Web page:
This commentary was originally featured in Forbes on August 24, 2017. 

The U.S. Census Bureau’s Supplemental Poverty Measure, rolled out in 2009 and updated in 2013, addresses the weaknesses of the Official Poverty Measure. Moreover, the Supplemental Poverty Measure (SPM) shows many interesting statistical connections to economic and public policy variables, unlike the Official Poverty Measure.

Looking at the five most-populous states for links between their SPM rates and economic, demographic, and policy variables may start a discussion that might lead to new and more effective approaches to reduce poverty and the factors that increase its incidence.

First, it is useful to compare the old Official Poverty rate with the newer SPM. Here, the high cost of housing has the greatest effect on the true levels of poverty in California, New York and Florida while in Texas, where housing costs are below the national average, there are fewer people in poverty under the SPM than with the old poverty gauge.

Texas Public Policy Foundation

The New Supplemental Poverty Measure Produces a More Accurate Assessment of Poverty Because it Accounts for Regional Cost-of-Living Differences

High percentages of Americans 65 and older receive Social Security payments. This acts to dampen regional variations in poverty. Using a demographic database maintained at the University of Minnesota, we can look at the same five states listed above, but only for people ages 0 to 64. And, while the most-populous states are diverse, they do have significant demographic differences, so, listing the average SPM for 2013 to 2015 for the largest racial and ethnic groups is illuminating as well.

Texas Public Policy Foundation

Among the 5 Mega States a Diverse Range of Americans See Lower Poverty Rates

The data starts to get interesting now. As with the SPM for all ages, the rank order of the large states’ by poverty remains the same when looking only at ages 0 to 64, with California showing the highest poverty and Illinois the lowest. But, of the five most-populous states, only California and Texas are minority-majority states, thus, considering poverty levels by major demographic groups provides an additional look at how the residents of these large states are doing relative to other states.

Here we see that, while Texas has the second-lowest SPM among the five mega states, it has the lowest levels of poverty among the four largest racial and ethnic groups: white, non-Hispanics; black non-Hispanics; Hispanics, and Asians . By contrast, California has the second-highest poverty rates among all groups except Asians, who are situated in the middle of pack among the five states.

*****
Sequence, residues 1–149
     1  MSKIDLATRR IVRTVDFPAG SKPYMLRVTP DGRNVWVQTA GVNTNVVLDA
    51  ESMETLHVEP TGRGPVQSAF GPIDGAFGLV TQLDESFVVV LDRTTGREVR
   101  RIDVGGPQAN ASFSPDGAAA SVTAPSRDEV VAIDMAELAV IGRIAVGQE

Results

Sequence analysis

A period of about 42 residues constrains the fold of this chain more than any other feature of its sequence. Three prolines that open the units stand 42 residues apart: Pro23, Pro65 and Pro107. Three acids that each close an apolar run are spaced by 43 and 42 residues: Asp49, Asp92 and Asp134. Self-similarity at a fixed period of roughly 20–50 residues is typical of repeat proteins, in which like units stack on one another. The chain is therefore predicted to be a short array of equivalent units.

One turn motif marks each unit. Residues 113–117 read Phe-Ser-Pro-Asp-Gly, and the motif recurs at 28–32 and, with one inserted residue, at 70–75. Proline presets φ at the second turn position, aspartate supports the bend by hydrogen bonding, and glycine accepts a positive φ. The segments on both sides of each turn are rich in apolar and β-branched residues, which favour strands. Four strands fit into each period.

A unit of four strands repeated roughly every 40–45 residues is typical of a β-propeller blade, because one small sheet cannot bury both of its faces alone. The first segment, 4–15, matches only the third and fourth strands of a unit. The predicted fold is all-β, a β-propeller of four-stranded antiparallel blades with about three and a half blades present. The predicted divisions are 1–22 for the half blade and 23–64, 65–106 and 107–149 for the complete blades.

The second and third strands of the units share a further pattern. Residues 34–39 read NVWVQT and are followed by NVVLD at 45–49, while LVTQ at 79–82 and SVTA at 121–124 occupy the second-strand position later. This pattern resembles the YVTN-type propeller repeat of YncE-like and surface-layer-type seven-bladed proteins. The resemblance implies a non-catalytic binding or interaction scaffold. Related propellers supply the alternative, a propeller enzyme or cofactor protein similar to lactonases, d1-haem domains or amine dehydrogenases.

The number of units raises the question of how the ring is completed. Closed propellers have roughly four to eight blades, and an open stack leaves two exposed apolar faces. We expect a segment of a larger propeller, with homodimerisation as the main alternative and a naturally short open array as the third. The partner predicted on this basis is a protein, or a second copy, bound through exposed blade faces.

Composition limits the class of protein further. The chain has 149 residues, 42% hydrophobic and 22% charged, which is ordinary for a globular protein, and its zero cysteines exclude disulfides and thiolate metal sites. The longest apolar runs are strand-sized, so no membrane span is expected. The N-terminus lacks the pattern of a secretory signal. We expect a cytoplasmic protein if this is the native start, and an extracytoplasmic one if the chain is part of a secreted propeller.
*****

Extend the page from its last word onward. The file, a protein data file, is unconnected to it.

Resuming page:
report published last year out by the Joint Center for Housing Studies of Harvard University estimated that 11 million renters spent at least half of their income on rent in 2014. The Census Bureau’s SPM accounts for rental costs in assessing poverty. There is a close connection between the cost of housing, regulatory barriers in the housing market—for instance, restrictive zoning—and poverty. This table compares the five large states’ overall SPM, ages 0 to 64 with the level of land use regulation (a higher number means more regulation) along with the Regional Price Parity (RPP) index from the U.S. Bureau of Economic Analysis (U.S.=100) and the Regional Price Parity index for rents (housing), a subcomponent of the overall index.

Texas Public Policy Foundation

Poverty, Property Rights, and the Cost-of-Living are Linked–Regulating Land Use Tends to Drive Up Rents

Visually, it’s easy to see a connection between these factors: California has high poverty, it regulates land the most, has the highest rents and has the second-highest overall cost-of-living behind New York. On the other hand, Texas has the second-lowest poverty rate, the lightest regulatory burden for land use, the least expensive rents and the lowest overall cost-of-living.

This suggests that one thing policymakers could do to ease the burden on the working poor in their states would be to dismantle the regulatory roadblocks that imped new construction.

Instead, many policymakers know they have a housing problem but instead double down on regulation and market intervention. This leads them to issue public debt to fund the construction of subsidized housing that rarely meets more than a tiny fraction of the demand. This, in turn, pushes rents even higher, restarting the whole, dismal cycle.

The lesson in the data: respecting property rights reduces rents by encouraging new construction and lower rents help the poor .

For two, new in-depth studies on poverty, see the following papers from the Texas Public Policy Foundation: “Re-examining Poverty Rates: A First Step in Reforming Anti-Poverty Programs” by the author and “Poverty Rates, Demographics, and Economic Freedom Across America: A Comparison of Nationwide Poverty Measures” by Courtney A. Collins, Ph.D.